The arrival of the printing press fuelled a second culinary wave, and some of the first cookbooks
to be printed in India came out of Bengal. Photograph via wmcarey.edu
One such book was Pak-Rajeswar, roughly translated meaning the Emperor of Cooking, published by His Highness Mehtab Chand of the princely state of Burdwan in 1831. He followed it up with another called Byanjon-Ratnakar (Fashioning Gems out of Victuals). Ostensibly in Bengali, it is, however, a far cry from what we know as Bengali today. Compiled by a Brahmin pandit assigned to do the task for the Maharaja, it is essentially in the language of the elite, bordering on Sanskrit, befitting a royal court.
Both these books hark back to Appadurai’s observation that cookbooks tell unusual cultural tales. A book out of Bengal in Bengali must be about shukto and fish curries and malaikari? Of alu posto and phulkopir dalna? Wrong. It showcased processes and recipes from three sources – the first was techniques and culinary principles of ancient India, the second from the culinary traditions of the Mughal emperor Shah Jehan and the last but not the least, the personal favourites of the Maharaja of Burdwan – a mix of Mughlai and frontier food. Meat dishes occupy a major part of the book with just a couple of fish recipes in the genre of kebabs and pulaos. Not surprising since the family originally hailed from Lahore and carried the family name of Kapoor.
While meat may have dominated the pages of the above cookbooks, it also gives us an important insight into the regional culinary practices of the times, especially with regard to Hindus. Meat recipes in the Pak-Rajeswar and Byanjon Ratnakar have little mention of onion and garlic, otherwise heavily used in Mughlai cuisine. The author of Pak-Rajeswar explains that onion had not been listed as an essential ingredient in the execution of these recipes because people in the region hardly consumed it. It can then be safely assumed that even till the mid-19th century, onion and garlic had not formally entered the Bengali Hindu kitchen and their unabashed use is barely a 150-years old. This is borne out by the fact that another cookbook Pakprabandha (Kitchen Prose) published in 1879 written by an anonymous Bengali woman, for the first time mentions the use of onion and garlic.
Meat recipes in the Pak-Rajeshwar contain little mention of onion and garlic, which are
otherwise heavily used in Mughlai cuisine. Even until the mid-19th century, onion and garlic
had not entered the Bengali Hindu kitchen. Wikimedia Commons
To get back to the Burdwan cook books, it is interesting to note that there is no mention of the potato, cauliflower, cabbage or tomato, an integral part of Indian cuisine today. That is because they had still not entered the Bengali culinary lexicon. Cauliflower was introduced to Indian agriculture around 1850, cabbage just a little earlier. Tomatoes arrived in India around 1880 and while by 1830 the potato was being cultivated aggressively in Dehradun and had reached the Calcutta markets, it obviously had not still caught the imagination of Bengal.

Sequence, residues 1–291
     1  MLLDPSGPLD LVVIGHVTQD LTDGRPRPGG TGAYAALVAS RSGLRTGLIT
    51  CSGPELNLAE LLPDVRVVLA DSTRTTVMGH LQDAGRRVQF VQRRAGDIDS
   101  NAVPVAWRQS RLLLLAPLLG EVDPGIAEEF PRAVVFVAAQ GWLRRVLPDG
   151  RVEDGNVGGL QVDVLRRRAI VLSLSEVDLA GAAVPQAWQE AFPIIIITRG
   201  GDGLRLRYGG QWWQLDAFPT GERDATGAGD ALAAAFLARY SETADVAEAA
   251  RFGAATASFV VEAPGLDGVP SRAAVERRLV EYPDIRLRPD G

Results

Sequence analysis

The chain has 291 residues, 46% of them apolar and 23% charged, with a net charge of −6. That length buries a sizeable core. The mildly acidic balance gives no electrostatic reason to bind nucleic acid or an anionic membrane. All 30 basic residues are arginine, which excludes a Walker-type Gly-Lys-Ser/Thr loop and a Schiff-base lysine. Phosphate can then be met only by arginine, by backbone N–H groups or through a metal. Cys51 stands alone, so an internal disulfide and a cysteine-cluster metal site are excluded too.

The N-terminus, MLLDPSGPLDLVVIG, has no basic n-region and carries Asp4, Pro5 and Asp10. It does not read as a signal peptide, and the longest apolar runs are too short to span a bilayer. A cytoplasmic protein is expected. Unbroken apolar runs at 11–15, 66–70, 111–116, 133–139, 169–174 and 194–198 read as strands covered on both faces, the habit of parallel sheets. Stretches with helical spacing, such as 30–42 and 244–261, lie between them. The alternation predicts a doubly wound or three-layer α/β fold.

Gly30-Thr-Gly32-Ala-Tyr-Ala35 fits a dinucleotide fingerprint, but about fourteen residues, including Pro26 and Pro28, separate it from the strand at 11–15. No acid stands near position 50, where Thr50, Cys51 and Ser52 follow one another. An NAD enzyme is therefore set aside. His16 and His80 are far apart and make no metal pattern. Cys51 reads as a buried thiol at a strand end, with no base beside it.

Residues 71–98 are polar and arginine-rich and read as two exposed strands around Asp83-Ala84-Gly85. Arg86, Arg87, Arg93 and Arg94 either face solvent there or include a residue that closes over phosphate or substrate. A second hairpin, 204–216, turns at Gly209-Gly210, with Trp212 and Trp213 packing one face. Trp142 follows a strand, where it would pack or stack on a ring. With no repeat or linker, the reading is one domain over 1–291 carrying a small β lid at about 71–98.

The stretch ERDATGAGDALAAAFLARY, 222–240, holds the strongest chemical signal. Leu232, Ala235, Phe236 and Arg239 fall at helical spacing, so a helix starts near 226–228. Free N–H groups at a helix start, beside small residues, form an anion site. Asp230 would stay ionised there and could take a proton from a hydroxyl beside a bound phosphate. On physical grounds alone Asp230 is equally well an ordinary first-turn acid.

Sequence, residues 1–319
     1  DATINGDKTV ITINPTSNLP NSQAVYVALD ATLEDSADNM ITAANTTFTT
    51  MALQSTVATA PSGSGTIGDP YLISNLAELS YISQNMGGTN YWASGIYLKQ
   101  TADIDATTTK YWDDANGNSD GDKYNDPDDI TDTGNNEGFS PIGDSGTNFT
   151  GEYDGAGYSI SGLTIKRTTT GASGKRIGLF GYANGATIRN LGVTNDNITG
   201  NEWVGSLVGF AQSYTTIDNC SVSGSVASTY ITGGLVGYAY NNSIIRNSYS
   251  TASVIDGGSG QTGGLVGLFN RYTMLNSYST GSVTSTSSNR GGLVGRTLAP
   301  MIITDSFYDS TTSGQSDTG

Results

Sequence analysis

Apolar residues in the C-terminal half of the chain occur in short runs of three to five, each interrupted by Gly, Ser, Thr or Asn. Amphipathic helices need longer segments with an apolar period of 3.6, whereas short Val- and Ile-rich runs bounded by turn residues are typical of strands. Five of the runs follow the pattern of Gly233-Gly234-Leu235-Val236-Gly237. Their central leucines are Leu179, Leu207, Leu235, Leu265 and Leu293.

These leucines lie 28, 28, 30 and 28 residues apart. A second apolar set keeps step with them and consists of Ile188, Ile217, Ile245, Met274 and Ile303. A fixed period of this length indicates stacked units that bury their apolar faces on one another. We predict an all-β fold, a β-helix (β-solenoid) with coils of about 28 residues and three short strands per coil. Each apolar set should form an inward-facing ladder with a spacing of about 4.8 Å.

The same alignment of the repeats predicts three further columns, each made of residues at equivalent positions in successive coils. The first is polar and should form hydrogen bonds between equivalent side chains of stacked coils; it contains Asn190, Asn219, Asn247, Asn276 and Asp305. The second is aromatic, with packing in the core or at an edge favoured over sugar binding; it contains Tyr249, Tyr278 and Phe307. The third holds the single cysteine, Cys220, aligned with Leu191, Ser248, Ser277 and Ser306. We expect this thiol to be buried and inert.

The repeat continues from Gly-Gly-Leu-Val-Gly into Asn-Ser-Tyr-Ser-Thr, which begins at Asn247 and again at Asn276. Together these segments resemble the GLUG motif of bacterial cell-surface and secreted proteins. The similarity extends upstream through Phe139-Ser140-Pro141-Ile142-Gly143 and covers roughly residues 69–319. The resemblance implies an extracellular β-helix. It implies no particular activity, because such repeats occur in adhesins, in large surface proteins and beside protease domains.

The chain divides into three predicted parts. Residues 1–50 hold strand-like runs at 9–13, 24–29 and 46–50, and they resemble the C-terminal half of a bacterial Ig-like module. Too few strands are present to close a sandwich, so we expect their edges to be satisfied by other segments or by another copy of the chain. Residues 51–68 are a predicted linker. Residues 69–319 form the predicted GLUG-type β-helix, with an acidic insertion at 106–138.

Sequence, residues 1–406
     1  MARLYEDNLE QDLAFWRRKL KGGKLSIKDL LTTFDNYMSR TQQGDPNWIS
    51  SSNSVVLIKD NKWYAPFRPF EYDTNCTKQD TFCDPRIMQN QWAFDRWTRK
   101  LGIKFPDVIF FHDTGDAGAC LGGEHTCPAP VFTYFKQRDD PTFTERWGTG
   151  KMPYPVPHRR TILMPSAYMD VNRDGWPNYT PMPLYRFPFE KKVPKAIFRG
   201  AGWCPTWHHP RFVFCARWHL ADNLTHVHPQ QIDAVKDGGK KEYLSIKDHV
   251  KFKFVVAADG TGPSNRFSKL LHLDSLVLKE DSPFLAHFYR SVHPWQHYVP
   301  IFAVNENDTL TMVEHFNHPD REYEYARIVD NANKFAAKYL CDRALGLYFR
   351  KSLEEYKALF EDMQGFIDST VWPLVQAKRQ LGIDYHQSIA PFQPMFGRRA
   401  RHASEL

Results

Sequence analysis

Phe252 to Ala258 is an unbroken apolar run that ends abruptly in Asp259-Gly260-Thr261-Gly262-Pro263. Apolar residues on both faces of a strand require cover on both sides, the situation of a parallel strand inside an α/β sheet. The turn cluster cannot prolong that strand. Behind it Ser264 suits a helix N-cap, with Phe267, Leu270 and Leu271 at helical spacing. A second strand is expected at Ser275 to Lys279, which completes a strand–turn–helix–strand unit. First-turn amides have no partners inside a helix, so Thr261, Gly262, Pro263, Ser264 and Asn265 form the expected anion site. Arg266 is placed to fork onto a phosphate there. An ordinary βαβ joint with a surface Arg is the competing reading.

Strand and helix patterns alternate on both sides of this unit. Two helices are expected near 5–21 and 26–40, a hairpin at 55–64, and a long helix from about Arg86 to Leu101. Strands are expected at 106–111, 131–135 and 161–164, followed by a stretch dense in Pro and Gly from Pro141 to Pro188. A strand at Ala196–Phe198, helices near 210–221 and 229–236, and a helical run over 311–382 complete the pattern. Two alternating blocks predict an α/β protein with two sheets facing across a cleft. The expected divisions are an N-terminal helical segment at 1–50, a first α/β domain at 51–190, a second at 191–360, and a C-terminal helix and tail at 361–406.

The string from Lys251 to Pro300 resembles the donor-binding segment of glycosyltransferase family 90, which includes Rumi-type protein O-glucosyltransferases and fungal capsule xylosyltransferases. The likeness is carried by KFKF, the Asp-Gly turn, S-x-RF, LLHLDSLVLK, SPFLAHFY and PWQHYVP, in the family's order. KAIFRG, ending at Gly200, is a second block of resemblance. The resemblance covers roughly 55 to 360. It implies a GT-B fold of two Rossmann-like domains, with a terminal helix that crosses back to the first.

Levelling the culinary playing field
Illustration by Suvarna Patil Silgardo
Mehtab Chand was known as a man of letters, with the distinction of introducing a new kind of Bengali script. So why would such a man publish cookbooks instead of scholarly works? The times were changing fast and aspirational levels were rising. Everyone strove to be at par with the lifestyle of the colonial masters. They wanted to be dress like them, speak like them, eat like them and entertain like them. The magazines and newspapers of the late 19th century had begun reflecting that change by way of articles that urged young housewives to learn new ways of cooking and about new foods in order to be in step with modern times.
It was also emphasized that delectable foods were a way of keeping the husband firmly by the woman’s side. So some of the recipes listed aphrodisiacal qualities, subtly urging the women to aid their men’s virility. For instance, the recipe for a sweetmeat called Sohan Mohan Bhog in the Byanjon Ratnakar has a footnote saying: “If 125gm of this Mohan Bhog is had every night, it will increase strength, sperm count and sexual vigour.” These two books therefore were pathbreaking publications heralding a new era in the appreciation of food in the Indian culinary landscape. Their popularity can be gauged from the fact that in those times, between 1831 and 1881, Pak-Rajeswar ran into three editions.
The rest is history. The printing press broke social inhibitions and gender biases. Cookbooks written by women authors came in quick succession ranging from those by educated middle-class housewives to royalty like Maharani Gayatri Devi. What we are experiencing today is the third wave of India’s discovery of its gastronomic legacy. Today it’s a level playing field with the Maharaja vying for space amidst the commoners’ sudden discovery of the treasure trove of regional culinary jewels that are hidden in every Indian home. The wheel has come full circle, from elaborate ‘high’ cuisine back to the ‘low’ and simple, pure flavours that had once marked our food. And the rush is on to record every recipe, every nuance and every tradition that once existed and still does.